Wednesday, January 27, 2016

Cut From the Same Cloth

And another memory from the memory jar offered up by a viewer at one of my shows.  As you will recall I've asked people to contribute memories they shared with someone who lost memory.  This memory read ...

I reminded my mother about our first trip to the greenhouse at Mount Holyoke College when I was two years old and she wore the plaid coat she had made me out of extra cloth leftover from the one she had made for herself. 

What I liked about this memory was its visual nature, but also the way in which something from her mother is repeated in her. 

To begin this painting I did some searching online for images of both this greenhouse and others to capture the sense of profusion of greenery and the latticework of the ceiling.  I ended up with the painting above.

I had actually contemplated several ways to approach this image.  The challenge with any painting is just as we explore one option we close off others.  The first mark we make on a blank canvas takes us one direction, rather than another.  As someone who has always liked to keep my options open and resisted being boxed in, I especially struggle with that.  It dawned on me recently that while I can't easily make the same painting serve multiple options, I can explore them independently.  Nothing but myself boxes me in.  After all Monet didn't feel he could only do one take on the Rouen Cathedral or the haystacks.

The other box I fight is the representational one.  When I tell a story, I want the viewer to get it.  While non-representational images often attract me, they seldom communicate a story clearly. I am a feet on the ground person.  That is something that makes me well prepared for shows and talks, but that I struggle with in creating artwork.   I need to get to a place of experimentation that takes me beyond what lies in front of me.  There was a time that I worked from reflections or took pictures through fish tanks in Chinese restaurants for source material, merging tables and fish into one whole.  These are vehicles to force a feet on the ground personality to play.  I've come to realize that I was never very good at playing.  What we don't learn in childhood we revisit in adulthood.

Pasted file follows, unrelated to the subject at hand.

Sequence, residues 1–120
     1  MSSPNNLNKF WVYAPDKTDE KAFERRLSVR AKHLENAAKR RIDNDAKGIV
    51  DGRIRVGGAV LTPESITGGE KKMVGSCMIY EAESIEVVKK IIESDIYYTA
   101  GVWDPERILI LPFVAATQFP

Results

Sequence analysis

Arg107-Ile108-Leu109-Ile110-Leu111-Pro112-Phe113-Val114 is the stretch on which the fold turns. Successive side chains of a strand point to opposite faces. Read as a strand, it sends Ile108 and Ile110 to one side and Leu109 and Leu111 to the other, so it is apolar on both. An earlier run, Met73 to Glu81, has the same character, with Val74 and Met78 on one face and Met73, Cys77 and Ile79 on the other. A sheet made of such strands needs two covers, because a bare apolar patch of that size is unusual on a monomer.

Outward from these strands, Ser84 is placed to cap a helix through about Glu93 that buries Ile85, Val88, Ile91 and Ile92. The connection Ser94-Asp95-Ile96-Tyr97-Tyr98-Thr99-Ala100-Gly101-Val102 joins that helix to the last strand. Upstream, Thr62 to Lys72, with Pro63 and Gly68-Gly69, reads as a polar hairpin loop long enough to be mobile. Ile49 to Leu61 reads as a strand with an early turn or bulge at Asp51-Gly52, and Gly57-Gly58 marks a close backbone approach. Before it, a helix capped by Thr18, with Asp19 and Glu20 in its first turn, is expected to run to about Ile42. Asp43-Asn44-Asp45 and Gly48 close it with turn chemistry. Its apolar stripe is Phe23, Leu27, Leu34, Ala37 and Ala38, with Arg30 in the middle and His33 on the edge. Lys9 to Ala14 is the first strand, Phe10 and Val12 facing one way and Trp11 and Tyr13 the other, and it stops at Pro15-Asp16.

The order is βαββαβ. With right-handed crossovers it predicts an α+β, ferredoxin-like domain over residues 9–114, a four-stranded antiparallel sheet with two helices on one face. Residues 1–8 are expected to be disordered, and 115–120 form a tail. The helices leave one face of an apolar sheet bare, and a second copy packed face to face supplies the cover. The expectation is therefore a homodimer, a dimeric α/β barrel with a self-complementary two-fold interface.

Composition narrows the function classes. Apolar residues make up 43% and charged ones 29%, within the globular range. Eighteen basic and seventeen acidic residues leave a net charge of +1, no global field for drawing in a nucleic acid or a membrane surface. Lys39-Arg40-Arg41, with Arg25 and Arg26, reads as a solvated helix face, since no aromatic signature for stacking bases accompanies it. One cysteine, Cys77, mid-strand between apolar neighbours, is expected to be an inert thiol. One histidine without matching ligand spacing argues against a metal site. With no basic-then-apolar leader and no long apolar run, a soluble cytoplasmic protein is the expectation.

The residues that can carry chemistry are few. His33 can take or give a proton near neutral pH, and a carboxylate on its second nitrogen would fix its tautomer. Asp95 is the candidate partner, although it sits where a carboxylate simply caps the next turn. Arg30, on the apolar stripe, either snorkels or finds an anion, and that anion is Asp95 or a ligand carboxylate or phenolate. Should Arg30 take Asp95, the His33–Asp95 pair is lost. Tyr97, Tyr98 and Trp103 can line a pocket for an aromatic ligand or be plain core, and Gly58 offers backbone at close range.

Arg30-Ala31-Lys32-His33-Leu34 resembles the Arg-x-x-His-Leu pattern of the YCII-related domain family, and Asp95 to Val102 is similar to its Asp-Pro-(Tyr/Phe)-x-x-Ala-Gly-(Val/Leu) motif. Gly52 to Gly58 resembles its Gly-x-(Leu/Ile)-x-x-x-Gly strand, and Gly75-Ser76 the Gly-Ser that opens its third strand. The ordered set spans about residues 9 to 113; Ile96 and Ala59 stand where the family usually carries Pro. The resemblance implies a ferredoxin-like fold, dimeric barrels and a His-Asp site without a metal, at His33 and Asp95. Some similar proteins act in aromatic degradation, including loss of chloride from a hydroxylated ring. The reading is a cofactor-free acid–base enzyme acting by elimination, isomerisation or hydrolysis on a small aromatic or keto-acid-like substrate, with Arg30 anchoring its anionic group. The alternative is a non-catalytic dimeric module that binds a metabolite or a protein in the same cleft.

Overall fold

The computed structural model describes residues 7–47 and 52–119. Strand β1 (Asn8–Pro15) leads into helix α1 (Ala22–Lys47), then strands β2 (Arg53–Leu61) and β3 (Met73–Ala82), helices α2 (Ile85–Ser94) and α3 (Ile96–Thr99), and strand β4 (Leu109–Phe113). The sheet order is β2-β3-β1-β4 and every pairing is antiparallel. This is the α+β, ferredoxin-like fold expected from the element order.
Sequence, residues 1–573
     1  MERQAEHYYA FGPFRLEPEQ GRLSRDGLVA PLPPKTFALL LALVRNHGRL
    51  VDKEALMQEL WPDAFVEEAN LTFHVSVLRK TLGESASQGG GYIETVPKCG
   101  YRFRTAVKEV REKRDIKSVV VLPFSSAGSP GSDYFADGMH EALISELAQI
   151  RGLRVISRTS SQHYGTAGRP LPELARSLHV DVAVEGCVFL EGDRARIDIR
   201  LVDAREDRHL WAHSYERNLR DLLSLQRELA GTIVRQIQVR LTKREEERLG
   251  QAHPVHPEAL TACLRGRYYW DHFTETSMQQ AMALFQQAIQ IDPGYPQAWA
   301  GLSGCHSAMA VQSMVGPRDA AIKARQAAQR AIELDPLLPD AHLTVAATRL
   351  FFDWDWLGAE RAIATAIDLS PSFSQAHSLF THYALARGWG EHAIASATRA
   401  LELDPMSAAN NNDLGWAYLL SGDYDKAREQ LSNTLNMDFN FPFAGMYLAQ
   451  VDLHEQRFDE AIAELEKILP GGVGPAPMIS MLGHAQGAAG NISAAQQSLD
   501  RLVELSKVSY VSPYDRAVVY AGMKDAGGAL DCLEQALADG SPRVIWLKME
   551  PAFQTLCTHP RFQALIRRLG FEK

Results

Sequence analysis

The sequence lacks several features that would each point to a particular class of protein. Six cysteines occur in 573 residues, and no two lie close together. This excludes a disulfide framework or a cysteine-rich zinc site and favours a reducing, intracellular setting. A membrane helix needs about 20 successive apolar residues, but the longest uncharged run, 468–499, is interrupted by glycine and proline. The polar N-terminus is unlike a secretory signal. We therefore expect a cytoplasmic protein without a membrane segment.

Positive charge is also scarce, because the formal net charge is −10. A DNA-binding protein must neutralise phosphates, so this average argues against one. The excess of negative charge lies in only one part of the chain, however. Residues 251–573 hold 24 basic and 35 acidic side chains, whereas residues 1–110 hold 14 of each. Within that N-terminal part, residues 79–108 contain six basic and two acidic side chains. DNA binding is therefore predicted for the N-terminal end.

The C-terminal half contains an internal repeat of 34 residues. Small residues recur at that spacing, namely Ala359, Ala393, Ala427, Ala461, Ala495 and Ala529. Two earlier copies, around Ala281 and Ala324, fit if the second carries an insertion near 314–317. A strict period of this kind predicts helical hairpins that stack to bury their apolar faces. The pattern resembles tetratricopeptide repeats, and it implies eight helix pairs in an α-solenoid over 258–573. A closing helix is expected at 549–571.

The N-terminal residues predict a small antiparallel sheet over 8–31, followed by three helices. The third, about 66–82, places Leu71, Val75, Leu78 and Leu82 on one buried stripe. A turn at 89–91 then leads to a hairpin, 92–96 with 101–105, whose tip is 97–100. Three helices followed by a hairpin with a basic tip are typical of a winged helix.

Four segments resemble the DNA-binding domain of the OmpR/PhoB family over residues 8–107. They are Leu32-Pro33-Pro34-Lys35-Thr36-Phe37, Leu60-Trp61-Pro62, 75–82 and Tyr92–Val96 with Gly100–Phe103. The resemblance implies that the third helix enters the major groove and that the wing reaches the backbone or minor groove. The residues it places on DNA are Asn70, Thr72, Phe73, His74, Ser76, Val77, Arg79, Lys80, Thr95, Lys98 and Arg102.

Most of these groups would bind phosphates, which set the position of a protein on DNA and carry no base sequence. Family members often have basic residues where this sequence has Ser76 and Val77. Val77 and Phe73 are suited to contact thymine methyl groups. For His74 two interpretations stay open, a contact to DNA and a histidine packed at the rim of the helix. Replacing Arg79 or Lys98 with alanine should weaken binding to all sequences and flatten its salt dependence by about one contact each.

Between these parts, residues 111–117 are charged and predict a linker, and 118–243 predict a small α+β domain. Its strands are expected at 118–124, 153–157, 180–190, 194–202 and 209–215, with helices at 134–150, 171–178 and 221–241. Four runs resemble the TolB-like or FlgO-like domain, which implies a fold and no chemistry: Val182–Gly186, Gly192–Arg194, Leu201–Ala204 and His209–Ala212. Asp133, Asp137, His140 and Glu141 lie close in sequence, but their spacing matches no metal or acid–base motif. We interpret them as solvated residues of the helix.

I've hit on a new approach and I'm interested to see how it works.  I decided that I should first go with my natural instinct to paint these stories as I first respond to them, get it out of the way so I can begin to play.  That is in fact a long tradition among artists. So I don't fight my nature, but consider it a step along the road of a longer process.  The approach of taking a sentence or two from someone else and constructing a painting out of it is already a bit of an experiment.

After an initial painting of each memory, I plan to tackle each painting from a different vantage point, literally. The original greenhouse painting placed me within the greenhouse.  What if I create the viewpoint from outside and let the glass steam up?  A misty, scene presents itself.  Then I take my finger and write in the steamed glass, "Cut from the same cloth".  The parts that fall within the letters are sharper, little glimpses within.  I took a first run at it and came up with this initial result. I already have some ideas for the other paintings in this series.  While it is part of my larger memory series, I can imagine exhibiting it by itself titled From Another Vantage Point.  Hmm, perhaps a bit ahead of to paint.

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